The future of AI

This article on the future of AI is written by Becky Zimmer, a freelance writer based in Humboldt, Saskatchewan with experience in farm, community, small business and sports reporting.
Illustration of a head with the word "AI" overtop to illustrate the future of AI
Kenzi is four years old. Asking her to write and tell me a story, blue pen scribbles on notebook paper her own form of “writing”, was a great way to distract her while I hung out on my aunt’s couch on a working holiday, the long wait before Kenzi’s mom came to pick her up a failed attempt at my own writing.

The small glimpse into the mind of a preschooler was a lesson in itself. My cousin talked about the adventures of her grandpa and a snowman, her mind jumping from one plot line to the next. First, the snowman was melting as he travelled down a river to the ocean, her small mind flabbergasted on where to take the story from there. Then, her great grandpa, also present in the room, came into the picture, he and the snowman performing magic tricks and singing a song that sure included her own name a lot.

While the players and settings were closely front-of-mind in the form of her family and her hometown in British Columbia, individual words came from somewhere else. The dozens of stories she already heard in her short life a goulash of ideas in her head, forming something completely new.

By the time she is in university, how will these tales be transformed into something different? What new characters and location will play a role in her storytelling?

In 10 or 15 years, will she still be forming her own stories? Maybe she will be learning how to take them from her head to the page or screen?

Throughout this series on artificial intelligence, we’ve talked about how AI has had an impact on writers and educators and what AI development means for journalists, but the biggest question I’ve wanted to ask is what the future of AI development is going to look like.

How far will AI development go and is it a good thing?

This discussion was brought even more into the spotlight recently with breaking news about Geoffrey Hinton quitting his job with Google after 10 years. According to a New York Times article, the artificial intelligence pioneer created technology at the University of Toronto in 2012 that became the intellectual foundation for AI. Now, he is speaking out against his creation.

Just like what we said in previous articles, Hinton expects AI to take the grudge work out of rote tasks but they may take away more than that.

“It is hard to see how you can prevent the bad actors from using it for bad things.”

While Alec Couros, director for the Center for Teaching and Learning at the University of Regina, mentioned the utopian dream of AI taking away those monotonous jobs to let humans focus on the critical thinking, collaboration, comprehension, and creativity elements, he also mentioned the concerns of the current path we are going down. There is no final destination because so far, there is no perceived end to the places AI could take the human race.

However, there are already issues in security, technological over-dependence and drops in literacy rates that are telling signs of trouble for the future, especially when coupled with the COVID-19 pandemic, said Couros. While he is not talking about all of these problems coming to a head in the next few years, systemic changes may alleviate some of these concerns; Couros cites universal basic income as a solution because people could be free to pursue more creative endeavours after they’re jobs become AI-based.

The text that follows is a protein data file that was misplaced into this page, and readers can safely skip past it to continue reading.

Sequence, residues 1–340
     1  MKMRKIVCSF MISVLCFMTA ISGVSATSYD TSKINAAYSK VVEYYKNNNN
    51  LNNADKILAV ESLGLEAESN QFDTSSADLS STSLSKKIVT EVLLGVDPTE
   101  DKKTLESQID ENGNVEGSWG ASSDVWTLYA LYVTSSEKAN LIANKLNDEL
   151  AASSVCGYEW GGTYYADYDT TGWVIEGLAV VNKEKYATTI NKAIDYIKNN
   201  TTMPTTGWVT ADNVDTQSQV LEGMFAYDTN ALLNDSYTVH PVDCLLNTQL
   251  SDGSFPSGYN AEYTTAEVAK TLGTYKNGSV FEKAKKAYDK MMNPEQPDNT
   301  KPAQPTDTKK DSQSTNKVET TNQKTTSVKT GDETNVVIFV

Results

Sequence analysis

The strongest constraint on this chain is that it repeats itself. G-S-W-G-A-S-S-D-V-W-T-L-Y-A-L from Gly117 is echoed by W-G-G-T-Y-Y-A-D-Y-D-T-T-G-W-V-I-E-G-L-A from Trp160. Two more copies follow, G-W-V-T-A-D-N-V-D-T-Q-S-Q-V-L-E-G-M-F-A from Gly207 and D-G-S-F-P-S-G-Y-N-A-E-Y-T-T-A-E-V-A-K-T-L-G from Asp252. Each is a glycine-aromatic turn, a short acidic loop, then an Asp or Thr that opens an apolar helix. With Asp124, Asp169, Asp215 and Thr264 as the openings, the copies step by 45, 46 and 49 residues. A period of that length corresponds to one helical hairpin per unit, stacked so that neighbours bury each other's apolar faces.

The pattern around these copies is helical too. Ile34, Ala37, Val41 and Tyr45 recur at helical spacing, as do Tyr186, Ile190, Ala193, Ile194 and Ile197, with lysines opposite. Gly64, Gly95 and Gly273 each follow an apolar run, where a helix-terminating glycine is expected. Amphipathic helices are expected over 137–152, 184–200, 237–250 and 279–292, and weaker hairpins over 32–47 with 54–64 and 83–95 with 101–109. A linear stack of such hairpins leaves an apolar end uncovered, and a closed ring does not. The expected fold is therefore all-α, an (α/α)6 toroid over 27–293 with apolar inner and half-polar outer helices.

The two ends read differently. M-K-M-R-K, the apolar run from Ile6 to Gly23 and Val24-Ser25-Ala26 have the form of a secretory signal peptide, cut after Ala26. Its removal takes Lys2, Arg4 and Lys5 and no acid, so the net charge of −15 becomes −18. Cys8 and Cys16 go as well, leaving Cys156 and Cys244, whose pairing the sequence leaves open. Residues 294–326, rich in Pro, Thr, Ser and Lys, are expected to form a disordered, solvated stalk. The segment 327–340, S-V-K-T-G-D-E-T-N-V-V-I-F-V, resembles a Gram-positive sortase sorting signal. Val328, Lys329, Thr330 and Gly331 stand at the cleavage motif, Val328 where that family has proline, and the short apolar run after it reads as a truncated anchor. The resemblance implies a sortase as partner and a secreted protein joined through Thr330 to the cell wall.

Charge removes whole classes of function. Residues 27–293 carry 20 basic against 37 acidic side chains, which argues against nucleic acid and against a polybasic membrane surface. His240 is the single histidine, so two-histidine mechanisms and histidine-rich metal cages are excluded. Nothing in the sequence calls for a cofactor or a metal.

AI is going to change the world, so how do we solve the ensuing global problems?

“We have to retool our ideas. We have to think differently about how we see work and labor and how we interact with technology.”

You cannot watch this AI-powered shift and not see the potential changes to copyrights, production, and creation, said Owen Brierley. There are always going to be two camps of people; those that want to maintain the creative process without AI and those that want to embrace AI and both will bring different value adds to the table.

The biggest shocks to the system will take place in the short term, said Brierly, but over the long term, we are going to be dealing with a “deepening of accuracy, the broadening of application.”

“This ability for a human to human to AI collaboration where I can become a much more effective collaborative with you, as a colleague, friend, whatever, and AI helps augment that by contributing in ways that I can understand the noise that you can’t understand so we end up generating something that we’ve never been able to generate just on our own, the two of us.”

With AI coming into the more creative aspects of society, with many recent examples of AI based art and music, we have reached an existential step, said Darren Hick, assistant professor of philosophy at Furman University in Greenville, South Carolina. Technological development concerns are nothing new; Hicks remembers when the internet was just personal websites and six degrees of Kevin Bacon, but it figured out how to be useful. AI is not going anywhere, he said, and we have to be cognizant of where we’re going with it.

“It’s technology, there’s nothing wrong with that. There’s nothing wrong with computers, there’s nothing wrong with cell phones, as long as we don’t lose sight of why we were doing this in the first place.”

Posted on January 19, 2024 at 3:00 pm by editor · · Tagged with: ,

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